When an investigation team went from Japan, her husband gave her “remains” to a government official saying ideally he would like to give her remains to her parents, but couldn’t. They also brought back photos of her belongings, including her badminton racquet.
Since the fake remains, they have received no fresh information about Megumi, or correction of past information.
“Other parents of abductees are older than us,” said Shigeru. “They’re ageing fast, in their 90s. My wife is the youngest parent. I’m the second youngest. We can’t wait for ever, time is running out.”
Sakie said that “when Megumi went missing, it was a special time. She was so interesting, even inspiring, and we had begun to talk a lot. She had always been cheerful and active and fun, and liked joking.”
She loved animals, picking up stray cats and feeding them, one day wrapping a frog in clothes and playing with it.
“The landscape of Niigata has for me been frozen from that moment,” she said, “when we realised she wasn’t home on time. It’s a beautiful landscape of pine trees and bays, but one I don’t want to recall it. When I go there, I’m flooded with emotion, with sad and bitter memories. I almost wanted to kill myself when I was there, I had no idea what I could do to find her.”
Sakie discovered a Christian faith in those hard times, and “found a meaning for my life, something very solid. I pray with my new Christian friends, many of them, for our children. And for the people of North Korea, for that country. That’s how I’ve managed to keep myself stable”
There is something very cruel in North Korea, she said, “as we saw in the executions of Kim Jong-un’s uncle and his family. But I believe every human being has something good and something bad in them.”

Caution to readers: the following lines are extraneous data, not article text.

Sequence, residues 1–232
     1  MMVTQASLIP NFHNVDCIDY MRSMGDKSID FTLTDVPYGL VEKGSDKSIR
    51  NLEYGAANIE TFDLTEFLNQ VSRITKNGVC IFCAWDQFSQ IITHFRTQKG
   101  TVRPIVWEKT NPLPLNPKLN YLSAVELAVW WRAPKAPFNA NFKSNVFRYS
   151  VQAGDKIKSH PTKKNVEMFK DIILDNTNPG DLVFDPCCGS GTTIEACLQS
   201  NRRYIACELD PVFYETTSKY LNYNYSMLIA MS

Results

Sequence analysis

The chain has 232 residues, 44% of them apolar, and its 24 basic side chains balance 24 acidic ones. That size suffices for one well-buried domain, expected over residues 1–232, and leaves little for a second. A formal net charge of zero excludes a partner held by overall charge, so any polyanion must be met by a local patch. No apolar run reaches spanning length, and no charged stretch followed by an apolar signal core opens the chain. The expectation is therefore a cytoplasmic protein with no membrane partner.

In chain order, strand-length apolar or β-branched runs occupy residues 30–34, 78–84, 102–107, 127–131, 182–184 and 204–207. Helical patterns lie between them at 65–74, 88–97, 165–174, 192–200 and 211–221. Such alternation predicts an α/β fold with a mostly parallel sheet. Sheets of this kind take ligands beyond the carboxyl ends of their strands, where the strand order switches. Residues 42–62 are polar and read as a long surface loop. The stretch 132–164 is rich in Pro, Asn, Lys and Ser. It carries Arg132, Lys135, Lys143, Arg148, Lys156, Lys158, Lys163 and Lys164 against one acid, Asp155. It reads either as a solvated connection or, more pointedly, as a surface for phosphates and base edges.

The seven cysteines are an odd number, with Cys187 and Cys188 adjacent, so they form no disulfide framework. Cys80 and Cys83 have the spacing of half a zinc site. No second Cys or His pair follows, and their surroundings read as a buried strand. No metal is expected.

After Megumi disappeared, “we struggled very much as a husband and wife,” said Sakie. “When our family came to the point where we could lead a normal life, when the children had grown up, we learned about the abduction. And again our life totally changed.
“We can’t really depend on each other all the time, but we have bonded strongly. I just hope I have my child back while I am alive.”
Who is to blame? “We believe, some of the leaders of that country,” said Shigeru.
They seem to have ordered the spy boats to keep coming.
In December 2001, a ship disguised as a fishing boat refused to obey a Japanese coastguard order to stop. As it fled, crew used automatic rifles to shoot at the Japanese, wounding several.
After a prolonged skirmish, the crew scuttled the vessel, and all 10 drowned. It was salvaged, and is now on display. It was being used as a “mother ship” for spying operations and to deliver illicit drugs.
The boat had hidden double-doors at the back to ease access for underwater scooters and frogmen – such vehicles and suits were discovered, as were Russian made weapons mounted on the deck, a machine gun and anti-aircraft gun. Its powerful engines propelled it at 60km an hour.
The crew wore Kim Il-sung badges, and several were believed to be secret agents. Phone numbers of Yakuza hit-men were found on their mobile phones.
Two years later the Pong Su, a North Korean freighter flying a Tuvalu flag of convenience was intercepted in NSW waters by Australian Special Operations Command, officers landing on the vessel’s deck by helicopter.
The ship, modified for long voyages without needing to port, was suspected of involvement in smuggling at least 150 kg of heroin into Australia, having sailed close to the Victorian coast where one of the crew drowned after reaching the shore near Wye River by dinghy in stormy conditions.